“The wild horses in Yururi Island”
A desert island floating off the Nemuro Peninsula of Hokkaido. It was ever called “the paradise for horses”.
Yururi Island, uninhabited now, is located off the coast of Konbumori area, Nemuro City, Hokkaido, where some descendants of the horses are still living by themselves now, which were brought to this small island decades ago (in 1950s) as the workforce of konbu (kelp) fishing industry from the mainland Hokkaido. The island is 7.8 km in circumference, 168 hectares in size, 43 meters above sea level, and most of the coastal coastline of the plateau is bounded by the cliffs, which reaches a height of 30-40 meters, and surrounded by reefs. The power of horses was needed to carry the wet and heavy seaweeds up against the cliff.
The name of “Yururi” originally came from Ainu`s term “uriru” meaning “a place where cormorants inhabit.” The island is designated as a wildlife refuge by Japan and a natural monument by Hokkaido because it is a breeding colony formed by such birds as tufted puffins and red-faced cormorants, which are appointed as rare birds. That is why nobody is admitted to land on the island.
It is around 1950 that the horses were brought to the island. After the war, the fishermen who didn’t have enough space for the drying procession of the seaweed in Nemuro, the mainland, began to move to the island for the space, bringing some horses so that they could pull konbu to the space on the sheer cliff. The horses stood by on 30 – 40 meters high cliff, pulling a net of konbu put in a wooden crate by means of a pulley hanging from a scaffold from the sea up on the cliff. At the most, there were 9 simple lodging houses and 7 scaffolds standing tall. Still the remains of scaffolds and a lot of small stones left at the places for drying konbu are seen, which remind us of busy days in the island.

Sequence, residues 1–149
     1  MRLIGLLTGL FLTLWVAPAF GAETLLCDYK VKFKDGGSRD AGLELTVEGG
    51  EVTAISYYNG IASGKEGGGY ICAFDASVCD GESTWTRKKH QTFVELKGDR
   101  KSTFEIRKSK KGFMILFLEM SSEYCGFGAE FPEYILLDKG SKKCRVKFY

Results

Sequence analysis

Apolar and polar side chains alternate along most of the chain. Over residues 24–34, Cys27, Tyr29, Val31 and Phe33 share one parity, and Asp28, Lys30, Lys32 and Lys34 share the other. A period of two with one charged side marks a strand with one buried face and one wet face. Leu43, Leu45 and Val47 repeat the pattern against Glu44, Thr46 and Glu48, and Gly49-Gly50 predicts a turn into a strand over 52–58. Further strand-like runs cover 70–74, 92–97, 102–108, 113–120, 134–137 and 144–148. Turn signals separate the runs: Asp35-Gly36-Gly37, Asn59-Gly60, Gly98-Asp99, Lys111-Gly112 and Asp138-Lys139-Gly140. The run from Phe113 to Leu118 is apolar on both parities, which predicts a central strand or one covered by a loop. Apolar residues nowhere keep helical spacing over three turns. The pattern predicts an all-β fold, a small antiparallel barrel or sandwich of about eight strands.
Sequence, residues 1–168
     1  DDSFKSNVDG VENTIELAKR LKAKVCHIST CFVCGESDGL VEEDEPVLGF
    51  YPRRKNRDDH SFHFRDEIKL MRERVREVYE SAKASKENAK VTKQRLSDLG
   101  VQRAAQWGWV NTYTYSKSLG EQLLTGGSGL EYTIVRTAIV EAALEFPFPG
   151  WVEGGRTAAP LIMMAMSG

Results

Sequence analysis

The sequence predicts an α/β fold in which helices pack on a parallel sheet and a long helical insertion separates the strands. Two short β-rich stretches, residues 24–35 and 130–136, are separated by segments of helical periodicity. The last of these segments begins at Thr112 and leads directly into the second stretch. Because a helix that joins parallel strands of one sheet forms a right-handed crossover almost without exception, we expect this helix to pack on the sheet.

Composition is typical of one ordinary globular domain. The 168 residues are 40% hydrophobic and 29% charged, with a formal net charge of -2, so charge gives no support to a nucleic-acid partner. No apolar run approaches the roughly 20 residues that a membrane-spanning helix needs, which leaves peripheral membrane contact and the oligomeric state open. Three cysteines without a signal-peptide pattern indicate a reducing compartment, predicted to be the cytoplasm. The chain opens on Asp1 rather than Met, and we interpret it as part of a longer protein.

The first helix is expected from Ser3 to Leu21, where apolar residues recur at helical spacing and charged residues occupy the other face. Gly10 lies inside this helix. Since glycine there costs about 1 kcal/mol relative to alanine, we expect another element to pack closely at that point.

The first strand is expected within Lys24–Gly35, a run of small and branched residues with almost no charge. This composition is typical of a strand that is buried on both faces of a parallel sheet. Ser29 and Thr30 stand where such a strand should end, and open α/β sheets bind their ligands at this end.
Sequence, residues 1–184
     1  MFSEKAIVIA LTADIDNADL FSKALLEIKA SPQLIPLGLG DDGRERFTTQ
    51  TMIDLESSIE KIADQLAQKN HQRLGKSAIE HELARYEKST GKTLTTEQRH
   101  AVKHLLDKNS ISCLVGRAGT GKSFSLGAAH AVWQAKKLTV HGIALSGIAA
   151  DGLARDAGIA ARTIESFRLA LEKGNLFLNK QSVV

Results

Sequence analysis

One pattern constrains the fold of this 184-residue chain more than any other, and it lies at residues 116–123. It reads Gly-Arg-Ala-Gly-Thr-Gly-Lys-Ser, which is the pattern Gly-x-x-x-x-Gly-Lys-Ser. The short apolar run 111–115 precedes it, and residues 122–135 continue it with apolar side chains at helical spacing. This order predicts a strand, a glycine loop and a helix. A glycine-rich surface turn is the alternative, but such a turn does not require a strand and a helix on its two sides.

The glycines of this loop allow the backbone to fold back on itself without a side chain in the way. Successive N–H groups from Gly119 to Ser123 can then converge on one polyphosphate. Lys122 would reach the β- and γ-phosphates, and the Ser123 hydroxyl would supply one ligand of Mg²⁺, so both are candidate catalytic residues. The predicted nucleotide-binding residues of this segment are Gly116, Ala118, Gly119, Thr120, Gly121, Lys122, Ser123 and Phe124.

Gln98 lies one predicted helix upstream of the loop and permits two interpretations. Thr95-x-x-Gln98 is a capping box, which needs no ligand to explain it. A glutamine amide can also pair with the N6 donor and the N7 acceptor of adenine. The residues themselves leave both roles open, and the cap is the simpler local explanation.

But since 1965, a lot of new and modern processing places have been built in the mainland, and motor engined boats started working between Yururi Island and the mainland. The fishermen working at the island did not need to stay there. They started leaving behind the island one by one. It was in 1971 that the last one left. There was no place for the horses to live in the mainland and the fishermen couldn’t bear to sell their horses for meat. What they could do was to leave the horses in Yururi Island, where they could survive by themselves by eating Ainu Sasa nipponica (bamboo-grass) growing there abundantly. Also in the mainland, many farmers began to sell their hoses with the spread of trucks.
Thereafter a stallion has been brought to the island every five years or so, in order to get rid of the disorder of incest. When mares were born, some were thinned out. There were as many as 30 horses at the peak. The horses have been left wild and free without any human involvement. The tools have been modernized and mobilized and the horses have become useless as the livestock. They have lived their lives generation to generation without being actively used by the men. Looking at those horses living peacefully in the island of Yururi Island, people call it “the paradise of Horses”. With tufted puffins singing and precious type of flowers such as Regal rhubarb plantein lily (Hosta rectifolia) and Adenophora triphylla var. Japonica in the full bloom in summer time in the island, the horses have been living their lives, adopting themselves to the harsh environment in the winter, and we can say they are the cultural product and outcome of the history and climate of Nemuro area.
Photographer / Artist
Okada is one of the most gifted and the most intriguing photographers in Japan. Okada was born in Hokkaido, Japan in 1979.
In 2002, while a student, Okada received FUJIFILM PHOTO SALON The New Face Prize. He completed a PhD in arts at Tokyo Polytechnic University in 2008. In the same year, he won the 33th KIMURA IHEI commemorative Photography Award with his work “I am”. “I am” was introduced in many ways by press in Japan and internationally, receiving high acclaim.
Okada is the most expected young and spirited photographer in Japan, drawing high attention also from abroad.
OKADA Atsushi Web Site